On S. 306, You Have The Right To Your Opinion, But Not Your Own Facts

More than a dozen parents have emailed me in the last week or so about articles written by two activists regarding US Senate bill 306.  I’m tired of repeating myself in email, so I decided to write this article. For the record, those two activists are Anita Hoge and Alice Linahan.

I had quite a lot of respect for these two ladies. They fight the good fight and there is usually something useful in their observations. However, in the last month, that respect has been wiped out.

It’s not just that they are attacking Ted Cruz, whom I openly support, but I’m weary of their constant ranting all over Facebook and Twitter about something that just isn’t so. If going for the level of saturation that makes those who follow you want to unfollow you was your goal — you made it!

The flavor of these articles is that there is some malicious conspiracy being led by two of the leading defenders of homschooling and school choice to prostrate homeschoolers before the altar of big government. These articles are unhelpful, inflammatory and frankly, wrong.

You Have The Right To Your Opinion, But Not Your Own Facts
Let me say first that this is a bill is effectively dead right now. There has been no new activity on it.

What S306 does is allow homeschoolers to take advantage of Coverdell education savings accounts and amends IRS rules to do so. Here’s the synopsis:

Amends the Elementary and Secondary Education Act of 1965 to allow a state educational agency to allocate grant funds among local educational agencies based on the number of eligible children (children age 5 to 17 from a family with an income below the poverty level) enrolled in the public schools and the state-accredited private schools within each local agency’s geographic jurisdiction.

Amends the Internal Revenue Code to: (1) allow payment of home school expenses from Coverdell education savings accounts; (2) remove the dollar limitation on contributions to Coverdell education savings accounts and require such accounts to provide adequate safeguards to prevent contributions from exceeding the amount necessary to provide for the qualified education expenses of the account beneficiary; and (3) allow tax-exempt qualified tuition programs (529 tuition programs) to pay qualified pre-kindergarten, elementary, and secondary education expenses.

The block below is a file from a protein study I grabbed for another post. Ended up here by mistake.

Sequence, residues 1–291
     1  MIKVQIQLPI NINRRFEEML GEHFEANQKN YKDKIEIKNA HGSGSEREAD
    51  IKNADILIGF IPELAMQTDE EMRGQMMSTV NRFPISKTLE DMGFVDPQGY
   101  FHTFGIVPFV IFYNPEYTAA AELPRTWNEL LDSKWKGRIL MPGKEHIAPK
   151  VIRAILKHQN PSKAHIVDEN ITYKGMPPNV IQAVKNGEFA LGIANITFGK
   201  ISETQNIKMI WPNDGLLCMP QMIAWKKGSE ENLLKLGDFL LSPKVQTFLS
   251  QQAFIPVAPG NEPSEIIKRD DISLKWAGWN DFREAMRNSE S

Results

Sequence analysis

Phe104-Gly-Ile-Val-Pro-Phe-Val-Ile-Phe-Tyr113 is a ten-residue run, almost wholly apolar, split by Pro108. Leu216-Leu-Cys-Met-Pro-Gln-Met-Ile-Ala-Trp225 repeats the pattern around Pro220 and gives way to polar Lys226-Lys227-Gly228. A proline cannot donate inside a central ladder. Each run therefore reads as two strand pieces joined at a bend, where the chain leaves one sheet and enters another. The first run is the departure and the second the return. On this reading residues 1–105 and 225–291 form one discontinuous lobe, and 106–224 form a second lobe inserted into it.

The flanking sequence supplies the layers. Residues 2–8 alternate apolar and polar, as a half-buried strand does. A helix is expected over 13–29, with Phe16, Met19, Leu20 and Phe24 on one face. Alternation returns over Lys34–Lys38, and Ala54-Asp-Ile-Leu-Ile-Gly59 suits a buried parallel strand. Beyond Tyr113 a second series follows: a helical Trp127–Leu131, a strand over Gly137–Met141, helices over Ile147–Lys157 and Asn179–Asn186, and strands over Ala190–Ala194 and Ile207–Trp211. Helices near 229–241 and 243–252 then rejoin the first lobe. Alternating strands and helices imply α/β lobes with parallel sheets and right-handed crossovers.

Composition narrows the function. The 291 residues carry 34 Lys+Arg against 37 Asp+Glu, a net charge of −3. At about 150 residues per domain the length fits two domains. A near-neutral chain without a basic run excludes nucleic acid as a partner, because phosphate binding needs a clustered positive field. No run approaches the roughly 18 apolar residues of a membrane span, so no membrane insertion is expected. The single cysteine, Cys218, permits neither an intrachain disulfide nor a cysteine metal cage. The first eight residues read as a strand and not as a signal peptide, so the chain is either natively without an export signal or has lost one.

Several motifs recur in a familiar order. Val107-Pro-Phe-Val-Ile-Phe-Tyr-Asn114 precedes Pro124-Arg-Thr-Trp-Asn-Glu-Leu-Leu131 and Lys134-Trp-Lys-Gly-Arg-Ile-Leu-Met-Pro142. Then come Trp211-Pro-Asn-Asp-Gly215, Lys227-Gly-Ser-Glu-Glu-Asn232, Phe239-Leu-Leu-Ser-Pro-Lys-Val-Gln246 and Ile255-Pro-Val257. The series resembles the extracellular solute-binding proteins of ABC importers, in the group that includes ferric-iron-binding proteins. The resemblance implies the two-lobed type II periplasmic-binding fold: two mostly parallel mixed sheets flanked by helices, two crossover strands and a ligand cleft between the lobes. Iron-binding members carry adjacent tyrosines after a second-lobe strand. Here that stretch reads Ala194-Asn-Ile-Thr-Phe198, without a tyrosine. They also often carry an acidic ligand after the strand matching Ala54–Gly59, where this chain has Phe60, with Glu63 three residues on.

The IRS covers savings plans of all kinds, including Coverdells. Every American’s financial dealings crosses paths with the IRS and homeschoolers are no different. They file tax returns just like everyone else.

S. 306 doesn’t change anything other than giving families who want the added financial ability to extend their homeschooling abilities.

Currently there are fourteen states which play out and define homeschooling as being the equal to that of a public K-12 education. That leaves thirty-six states that don’t and S. 306 is aimed at those states.   S. 306 still allows states the freedom to define what is a private school and what is the equivalent of a public k-12.

 

In other words, the federal government cannot define who you are, Homeschoolers — the state still does that, as well as your own choices in using a Coverdell in your state or not.

Homeschoolers who think this is a big conspiracy to control them and do not wish to engage in these Coverdell plans are free to NOT ENGAGE in using such savings accounts.

Just as homeschoolers have operated financially on their own for decades, they are free to CONTINUE operating that way.

Shorter: NO ONE IS FORCING YOU TO DO ANYTHING.

Q & A
To these two women writing these articles, I’d also ask a question or two.

If your attacks aren’t at least partly politically motivated, then why aren’t either of you addressing Mike Lee with your ‘the fed is trying to define homeschools’ diatribes? You know, Sen. Mike Lee? The SPONSOR of the bill?

In an article at RedState, Cruz responds;  clearly aware of these accusations.  Cruz accurately calls them politically motivated, which sends the comments section into a total sputtering freak out. Boo-freaking-hoo.

Anita Hoge has demonstrated her dislike for Ted Cruz all over Twitter; she clearly has no idea what a margin loan is. Hoge has even beclowned herself by painting Cruz to be the same as Jeb Bush on Common Core:

Linahan makes regular pleas to Trump as well.

However on Trump’s Common Core ‘untweet’ in South Carolina, Hoge is silent. So is Linahan. Gee, where are our big Common Core Warriors now?

Ladies, what Donald Trump knows about education could fit on the head of a pin — and what he knows about Common Core is even less. What he does say about education appears to just be parroting other campaigns.